The GOP leader on Tuesday objected to Schumer’s request for unanimous consent to proceed immediately to the House bill to increase stimulus checks to $2,000 per individual.

Instead, McConnell said the Senate “will begin a process” to increase direct financial support for American households as well as review the liability protection that “Big Tech” social media platforms enjoy under Section 230 of the Communications Decency Act and explore additional safeguards against election fraud — three of President TrumpDonald TrumpBiden to sign executive order aimed at increasing voting access Albany Times Union editorial board calls for Cuomo's resignation Advocates warn restrictive voting bills could end Georgia's record turnout MORE’s top priorities.

McConnell later on Tuesday circulated a proposal to increase stimulus checks to $2,000, repeal Section 230 of the Communications Decency Act, and set up an 18-member bipartisan advisory committee to “study the integrity and administration” of the 2020 election, which Trump has claimed without evidence was distorted by fraud.

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Toomey on Tuesday raised concerns about repealing liability protections for social media platforms, which could be a boon to plaintiffs’ lawyers.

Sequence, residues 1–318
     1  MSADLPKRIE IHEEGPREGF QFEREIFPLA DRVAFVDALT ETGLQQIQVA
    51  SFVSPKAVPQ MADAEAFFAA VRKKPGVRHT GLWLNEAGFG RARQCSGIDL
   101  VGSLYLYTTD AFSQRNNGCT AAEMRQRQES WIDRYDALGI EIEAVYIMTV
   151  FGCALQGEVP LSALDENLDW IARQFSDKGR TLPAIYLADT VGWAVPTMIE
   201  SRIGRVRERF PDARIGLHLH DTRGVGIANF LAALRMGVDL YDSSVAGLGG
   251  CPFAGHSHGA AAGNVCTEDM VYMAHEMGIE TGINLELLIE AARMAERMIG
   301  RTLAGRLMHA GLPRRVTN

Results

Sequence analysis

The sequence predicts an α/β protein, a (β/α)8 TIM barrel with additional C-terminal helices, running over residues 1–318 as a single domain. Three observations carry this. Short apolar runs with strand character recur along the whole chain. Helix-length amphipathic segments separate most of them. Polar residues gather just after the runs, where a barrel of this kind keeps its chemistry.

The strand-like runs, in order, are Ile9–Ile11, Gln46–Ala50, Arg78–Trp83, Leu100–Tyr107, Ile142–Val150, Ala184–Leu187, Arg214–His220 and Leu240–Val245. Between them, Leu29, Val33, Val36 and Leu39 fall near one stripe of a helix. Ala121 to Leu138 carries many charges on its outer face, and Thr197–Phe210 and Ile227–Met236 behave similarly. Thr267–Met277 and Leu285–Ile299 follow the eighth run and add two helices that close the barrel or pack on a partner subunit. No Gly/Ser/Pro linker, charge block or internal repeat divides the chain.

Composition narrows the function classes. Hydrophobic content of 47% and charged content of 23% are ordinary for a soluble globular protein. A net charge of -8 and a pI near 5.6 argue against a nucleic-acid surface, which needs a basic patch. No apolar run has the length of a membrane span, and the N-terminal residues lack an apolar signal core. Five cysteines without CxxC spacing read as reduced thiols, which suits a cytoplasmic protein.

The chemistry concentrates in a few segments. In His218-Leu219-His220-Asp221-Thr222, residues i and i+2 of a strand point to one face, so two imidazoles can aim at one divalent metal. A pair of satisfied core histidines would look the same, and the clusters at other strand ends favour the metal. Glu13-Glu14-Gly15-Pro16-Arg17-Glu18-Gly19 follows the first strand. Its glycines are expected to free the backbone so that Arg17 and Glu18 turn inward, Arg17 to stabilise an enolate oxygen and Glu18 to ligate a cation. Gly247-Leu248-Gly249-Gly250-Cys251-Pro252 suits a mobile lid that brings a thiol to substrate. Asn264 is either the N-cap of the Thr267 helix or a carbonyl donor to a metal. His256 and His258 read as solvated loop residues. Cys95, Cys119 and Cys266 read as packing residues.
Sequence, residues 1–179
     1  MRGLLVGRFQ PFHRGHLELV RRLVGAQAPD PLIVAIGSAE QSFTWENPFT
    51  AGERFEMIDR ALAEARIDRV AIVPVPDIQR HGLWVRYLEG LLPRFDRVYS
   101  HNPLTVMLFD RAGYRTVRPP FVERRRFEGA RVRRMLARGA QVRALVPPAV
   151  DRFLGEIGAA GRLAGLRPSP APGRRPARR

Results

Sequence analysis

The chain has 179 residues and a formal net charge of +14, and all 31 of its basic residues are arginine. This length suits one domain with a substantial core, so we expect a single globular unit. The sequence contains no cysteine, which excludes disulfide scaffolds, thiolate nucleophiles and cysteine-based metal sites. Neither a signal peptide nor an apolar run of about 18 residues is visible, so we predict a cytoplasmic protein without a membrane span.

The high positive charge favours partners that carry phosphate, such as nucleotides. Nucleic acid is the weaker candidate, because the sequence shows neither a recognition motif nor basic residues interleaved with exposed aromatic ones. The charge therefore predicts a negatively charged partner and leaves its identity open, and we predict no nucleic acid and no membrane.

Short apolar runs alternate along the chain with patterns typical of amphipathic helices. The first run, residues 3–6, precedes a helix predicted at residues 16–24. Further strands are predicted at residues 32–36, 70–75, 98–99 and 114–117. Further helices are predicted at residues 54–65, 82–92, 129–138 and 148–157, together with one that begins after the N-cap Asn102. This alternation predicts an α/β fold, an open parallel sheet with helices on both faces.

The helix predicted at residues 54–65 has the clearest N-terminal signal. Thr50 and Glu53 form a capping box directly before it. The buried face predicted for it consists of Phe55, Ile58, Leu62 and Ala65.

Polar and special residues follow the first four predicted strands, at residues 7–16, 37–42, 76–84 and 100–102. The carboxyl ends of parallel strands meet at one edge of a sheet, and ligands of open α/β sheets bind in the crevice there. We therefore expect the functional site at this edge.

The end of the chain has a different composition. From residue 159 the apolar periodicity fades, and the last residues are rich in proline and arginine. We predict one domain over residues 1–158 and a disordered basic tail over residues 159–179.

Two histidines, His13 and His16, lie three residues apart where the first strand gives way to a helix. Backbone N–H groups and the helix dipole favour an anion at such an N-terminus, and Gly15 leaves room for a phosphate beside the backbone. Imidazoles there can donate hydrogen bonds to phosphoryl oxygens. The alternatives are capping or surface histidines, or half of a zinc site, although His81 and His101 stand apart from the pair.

“The idea that Section 230 should be repealed ... I think that’s an important, complicated issue. That legal liability protection that we granted to these internet companies years ago really enabled spectacular growth in a whole new industry that has done so much for our economy,” he told CNN.

“Is it being abused in some cases? I think it is, actually,” he said of Section 230 protection for tech companies. “But I don’t think you just decide one day to throw it all out. I think we gotta think through what are the unintended consequences of that.” 

Updated at 7:20 p.m.